Research and educational needs

71.  Stresses the need to develop key autonomous technologies (e.g. formalisation and simulations of the human brain and cognition when driving, environmental perception systems and artificial intelligence) in the EU to keep up with global competition and create new jobs;

72.  Emphasises the fact that once available on the market, automated vehicles will have a deep impact on the distribution and consumption of goods; considers, therefore, that there is an urgent need to assess this impact and ensure measures to support the affected sectors and people;

73.  Calls for initiatives to map and address issues of changes in employment supply and demand in view of the need for new and specialised skills both in vehicle production and professional use through educational reconversion (for instance, courses and training sessions), with a view to facilitating the transition towards new forms of mobility;

74.  Urges the Commission, together with the Member States, to propose initiatives promoting the skills, education and training needed to keep the EU at the forefront of the autonomous transport sector; emphasises that it is important for Member States to take into account these newly arising trends in their educational programmes in order to respond to the need for a highly qualified and skilled workforce in the different transport sectors;

75.  Recalls the EUR 300 million dedicated under Horizon 2020 to research and innovation programmes on automated vehicles from 2014 to 2020 and recommends that these programmes be continued and extended for all modes of transport in the next multiannual financial period for 2021-2027 (Horizon Europe);

76.  Stresses the important role of collaborative research in ensuring the swift advancement of transport automation through the involvement of the entire innovation ecosystem;

77.  Calls on the Commission to establish a Joint Undertaking along the same lines as Shift2Rail for rail transport and CleanSky for the aeronautics industry, so as to create an industry-driven strategic initiative on autonomous transport, which should be compelling for EU citizens, make significant commercial sense, leverage the EU’s research and innovation potential on the basis of the wide collaboration of the industrial, public and academic spheres, and foster the development and deployment of technologies in a harmonised and interoperable manner, in order to create a globally scalable multi-modal transport system for autonomous transport;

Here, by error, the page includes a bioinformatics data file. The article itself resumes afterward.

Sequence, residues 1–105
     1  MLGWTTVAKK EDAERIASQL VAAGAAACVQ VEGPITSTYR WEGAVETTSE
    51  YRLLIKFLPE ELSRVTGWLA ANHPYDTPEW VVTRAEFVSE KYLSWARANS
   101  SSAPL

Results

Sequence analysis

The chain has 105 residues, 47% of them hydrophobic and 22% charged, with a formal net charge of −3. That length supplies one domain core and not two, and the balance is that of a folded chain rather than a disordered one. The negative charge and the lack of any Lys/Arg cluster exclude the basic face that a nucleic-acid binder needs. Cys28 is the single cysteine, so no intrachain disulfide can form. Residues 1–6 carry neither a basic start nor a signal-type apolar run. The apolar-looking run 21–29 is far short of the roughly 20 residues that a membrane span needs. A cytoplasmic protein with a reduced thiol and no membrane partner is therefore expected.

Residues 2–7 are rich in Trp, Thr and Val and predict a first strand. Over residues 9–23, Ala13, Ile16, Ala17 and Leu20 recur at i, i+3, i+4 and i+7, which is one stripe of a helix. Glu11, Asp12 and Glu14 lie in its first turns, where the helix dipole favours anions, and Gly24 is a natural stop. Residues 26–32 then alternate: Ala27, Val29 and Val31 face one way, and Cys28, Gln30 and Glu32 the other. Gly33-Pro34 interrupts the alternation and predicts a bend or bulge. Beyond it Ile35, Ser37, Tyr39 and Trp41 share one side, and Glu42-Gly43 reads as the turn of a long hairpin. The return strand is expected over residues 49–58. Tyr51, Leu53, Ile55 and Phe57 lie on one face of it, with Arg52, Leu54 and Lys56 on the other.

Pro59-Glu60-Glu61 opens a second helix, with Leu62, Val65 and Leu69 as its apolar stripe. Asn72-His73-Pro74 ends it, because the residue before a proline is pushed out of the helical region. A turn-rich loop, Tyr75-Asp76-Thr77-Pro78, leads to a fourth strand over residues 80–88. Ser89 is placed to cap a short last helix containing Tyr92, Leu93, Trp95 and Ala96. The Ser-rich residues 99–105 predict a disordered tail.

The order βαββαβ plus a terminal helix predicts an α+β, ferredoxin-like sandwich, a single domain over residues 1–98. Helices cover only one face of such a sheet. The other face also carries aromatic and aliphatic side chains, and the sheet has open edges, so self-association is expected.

78.  Stresses the need for real-life testing sites across the EU in order to thoroughly test and develop new technologies; urges each of the Member States to designate, by 2020, urban and extra-urban areas where autonomous research vehicles can be tested in real-life traffic conditions, while safeguarding road safety in those areas, and to ensure that EU cross-border and interoperable testing frameworks are created;

79.  Points out that some EU citizens have expressed distrust of automated mobility; stresses, therefore, that legislators must address the ethical dimension in order to improve public acceptance in this respect; calls for investment in extensive research on artificial intelligence and on other dimensions of automated mobility;

80.  Calls for extensive research on the long-term effects of autonomous transport on issues such as consumer adaptation, societal acceptance, physiological reactions, physical responses and social mobility, reducing accidents and improving transport in general;

81.  Urges all stakeholders, including vehicle manufacturers, component suppliers and software and design services, as well as the Member States and authorities involved, to cooperate in fostering innovation, in ensuring investment in infrastructure fit for automated mobility, both on highways and on city roads, and in facilitating cross-border testing; highlights the need to increase investment in adjusting current infrastructure, building new infrastructure and improving the connectedness of European roads; points out that a distrust of European citizens towards automated driving can be observed and that awareness campaigns to increase their confidence should be put in place; calls for investment in extensive research on artificial intelligence and on the ethical dimension of autonomous and connected transport;

o   o

82.  Instructs its President to forward this resolution to the Council and the Commission.

(1) OJ C 307, 30.8.2018, p. 144.
(2) Texts adopted, P8_TA(2018)0063.
(3) OJ L 207, 6.8.2010, p. 1.
(4) COM(2018)0274.
(5) COM(2018)0286.
(6) OJ L 119, 4.5.2016, p. 1.
(7) OJ L 210, 7.8.1985, p. 29.
(8) OJ L 263, 7.10.2009, p. 11.
(9) OJ C 252, 18.7.2018, p. 239.
(10) OJ L 212, 22.8.2018, p. 1.
(11) OJ L 129, 28.5.2010, p. 52.